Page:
Imagine that you’ve decided to organize your closet, but instead of measuring containers at a store to make sure they will work, you just go to your office, enter the measurements you want your containers to be, and print them out right there. Now imagine that you have to build a diorama of a famous Civil War battle for a project at school, and you use that same printer to construct all the soldiers, cannons and trees in perfect detail.
This technology may be closer than you think thanks to 3-D printing. 3-D printing is making it easier and faster to produce complex objects with multiple moving parts and intricate design, and soon it will be affordable enough to have at home.
Additive manufacturing (AM) is the family of manufacturing technology that includes 3-D printing. AM is the means of creating an object by adding material to the object layer by layer. AM is the current terminology established by ASTM International (formerly the American Society for Testing and Materials) [source: Gibson, et al.]. Throughout its history, additive manufacturing in general has gone by various names: stereolithography, 3-D layering and 3-D printing. This article uses 3-D printing because it seems to be the most common term used to describe AM products.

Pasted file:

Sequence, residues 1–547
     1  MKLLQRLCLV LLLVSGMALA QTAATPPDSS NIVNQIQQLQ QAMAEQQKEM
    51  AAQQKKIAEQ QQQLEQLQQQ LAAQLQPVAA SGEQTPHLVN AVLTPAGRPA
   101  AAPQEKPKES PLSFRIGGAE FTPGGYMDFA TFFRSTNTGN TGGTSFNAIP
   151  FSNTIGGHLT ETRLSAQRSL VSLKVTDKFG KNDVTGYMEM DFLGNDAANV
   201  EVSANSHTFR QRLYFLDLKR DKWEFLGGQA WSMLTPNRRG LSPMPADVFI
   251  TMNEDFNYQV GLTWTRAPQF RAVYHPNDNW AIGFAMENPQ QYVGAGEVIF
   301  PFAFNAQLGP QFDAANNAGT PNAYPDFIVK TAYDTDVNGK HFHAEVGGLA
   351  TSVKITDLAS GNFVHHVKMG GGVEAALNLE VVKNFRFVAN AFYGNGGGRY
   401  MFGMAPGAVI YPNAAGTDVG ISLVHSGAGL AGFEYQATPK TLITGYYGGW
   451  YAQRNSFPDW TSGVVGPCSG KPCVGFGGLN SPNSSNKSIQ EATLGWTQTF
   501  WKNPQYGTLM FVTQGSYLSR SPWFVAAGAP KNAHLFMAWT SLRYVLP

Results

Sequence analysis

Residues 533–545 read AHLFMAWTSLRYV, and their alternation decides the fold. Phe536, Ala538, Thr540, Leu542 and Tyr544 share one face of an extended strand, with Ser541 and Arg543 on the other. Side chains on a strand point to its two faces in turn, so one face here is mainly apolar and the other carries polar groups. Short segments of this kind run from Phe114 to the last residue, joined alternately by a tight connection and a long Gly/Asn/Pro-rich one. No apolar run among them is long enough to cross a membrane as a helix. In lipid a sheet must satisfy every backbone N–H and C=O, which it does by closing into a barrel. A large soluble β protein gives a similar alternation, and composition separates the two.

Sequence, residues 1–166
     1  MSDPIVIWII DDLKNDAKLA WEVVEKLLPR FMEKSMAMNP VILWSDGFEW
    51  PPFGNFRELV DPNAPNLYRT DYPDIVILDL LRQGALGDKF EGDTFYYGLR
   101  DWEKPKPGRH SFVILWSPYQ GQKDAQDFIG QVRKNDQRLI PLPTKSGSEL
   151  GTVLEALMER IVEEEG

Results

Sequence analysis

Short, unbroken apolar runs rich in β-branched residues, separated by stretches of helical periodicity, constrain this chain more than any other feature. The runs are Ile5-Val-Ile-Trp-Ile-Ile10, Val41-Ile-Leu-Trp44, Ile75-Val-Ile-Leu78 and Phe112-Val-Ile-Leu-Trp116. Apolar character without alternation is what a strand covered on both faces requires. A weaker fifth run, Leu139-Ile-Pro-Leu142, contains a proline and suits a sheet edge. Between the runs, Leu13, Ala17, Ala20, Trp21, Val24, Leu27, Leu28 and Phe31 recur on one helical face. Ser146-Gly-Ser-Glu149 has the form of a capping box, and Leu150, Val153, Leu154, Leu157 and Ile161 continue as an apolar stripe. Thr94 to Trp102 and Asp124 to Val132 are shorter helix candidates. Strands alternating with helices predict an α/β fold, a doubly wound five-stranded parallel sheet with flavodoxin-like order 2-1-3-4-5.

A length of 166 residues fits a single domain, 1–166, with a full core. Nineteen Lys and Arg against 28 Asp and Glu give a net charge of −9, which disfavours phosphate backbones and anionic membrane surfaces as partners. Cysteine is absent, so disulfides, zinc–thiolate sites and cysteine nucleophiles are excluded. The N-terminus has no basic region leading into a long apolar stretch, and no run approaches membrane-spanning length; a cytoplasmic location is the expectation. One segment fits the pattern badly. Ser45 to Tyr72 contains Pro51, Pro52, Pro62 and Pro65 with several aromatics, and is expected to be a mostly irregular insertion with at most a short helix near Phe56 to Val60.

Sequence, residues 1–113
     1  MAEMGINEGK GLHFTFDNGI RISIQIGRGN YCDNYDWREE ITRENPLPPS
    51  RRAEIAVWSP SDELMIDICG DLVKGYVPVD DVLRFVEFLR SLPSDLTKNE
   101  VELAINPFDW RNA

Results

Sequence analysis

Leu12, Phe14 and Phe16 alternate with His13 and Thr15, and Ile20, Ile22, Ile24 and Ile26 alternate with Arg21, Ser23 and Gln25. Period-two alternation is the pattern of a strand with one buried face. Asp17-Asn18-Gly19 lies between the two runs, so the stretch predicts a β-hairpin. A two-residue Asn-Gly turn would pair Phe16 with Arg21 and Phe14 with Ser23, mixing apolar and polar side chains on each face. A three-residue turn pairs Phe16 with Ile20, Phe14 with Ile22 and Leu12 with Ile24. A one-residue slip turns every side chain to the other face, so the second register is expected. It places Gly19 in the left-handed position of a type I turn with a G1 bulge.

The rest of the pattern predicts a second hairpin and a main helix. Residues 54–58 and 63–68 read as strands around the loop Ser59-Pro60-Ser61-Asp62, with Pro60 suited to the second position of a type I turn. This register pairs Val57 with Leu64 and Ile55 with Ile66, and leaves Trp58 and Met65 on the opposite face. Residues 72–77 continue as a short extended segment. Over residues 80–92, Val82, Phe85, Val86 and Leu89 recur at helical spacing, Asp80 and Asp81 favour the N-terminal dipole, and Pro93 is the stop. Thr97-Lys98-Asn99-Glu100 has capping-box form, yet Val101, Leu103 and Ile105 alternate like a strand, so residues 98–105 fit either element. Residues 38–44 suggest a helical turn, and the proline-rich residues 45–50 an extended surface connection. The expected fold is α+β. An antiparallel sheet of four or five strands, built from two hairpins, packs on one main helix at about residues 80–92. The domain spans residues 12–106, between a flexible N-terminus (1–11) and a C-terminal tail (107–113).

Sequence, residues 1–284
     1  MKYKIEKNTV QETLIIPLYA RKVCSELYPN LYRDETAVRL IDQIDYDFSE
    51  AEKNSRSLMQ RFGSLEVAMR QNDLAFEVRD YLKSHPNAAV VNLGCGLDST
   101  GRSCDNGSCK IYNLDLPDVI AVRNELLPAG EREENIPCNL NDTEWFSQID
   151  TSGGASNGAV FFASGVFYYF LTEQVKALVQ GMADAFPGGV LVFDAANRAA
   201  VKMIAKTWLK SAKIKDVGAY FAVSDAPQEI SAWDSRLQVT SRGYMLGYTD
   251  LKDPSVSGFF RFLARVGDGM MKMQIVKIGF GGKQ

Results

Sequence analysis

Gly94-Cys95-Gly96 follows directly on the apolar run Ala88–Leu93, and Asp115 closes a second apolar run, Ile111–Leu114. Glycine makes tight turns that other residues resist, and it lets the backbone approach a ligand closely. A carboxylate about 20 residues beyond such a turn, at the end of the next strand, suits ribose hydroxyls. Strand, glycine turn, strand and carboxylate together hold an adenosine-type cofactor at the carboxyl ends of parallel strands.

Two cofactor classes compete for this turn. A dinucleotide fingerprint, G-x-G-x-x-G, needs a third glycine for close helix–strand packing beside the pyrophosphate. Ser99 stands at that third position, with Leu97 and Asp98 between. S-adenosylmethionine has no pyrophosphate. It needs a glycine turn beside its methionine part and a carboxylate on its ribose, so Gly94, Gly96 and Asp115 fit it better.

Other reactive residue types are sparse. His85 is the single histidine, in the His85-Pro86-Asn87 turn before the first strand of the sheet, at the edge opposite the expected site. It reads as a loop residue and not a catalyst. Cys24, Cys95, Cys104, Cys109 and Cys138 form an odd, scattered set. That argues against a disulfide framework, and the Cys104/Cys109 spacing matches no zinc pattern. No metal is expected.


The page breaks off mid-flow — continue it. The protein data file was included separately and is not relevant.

You can see some of the basic principles behind AM in caves; over thousands of years, dripping water creates layers and layers of mineral deposits, which accumulate to form stalagmites and stalactites. Unlike these natural formations, though, 3-D printing is much faster and follows a predetermined plan provided by computer software. The computer directs the 3-D printer to add each new layer as a precise cross-section of the final object.
Additive manufacturing and 3-D printing specifically, continues to grow. Technology that started out as a way to build fast prototypes is now a means of creating products for the medical, dental, aerospace and automotive industries. 3-D printing is also crossing over into toy and furniture manufacturing, art and fashion.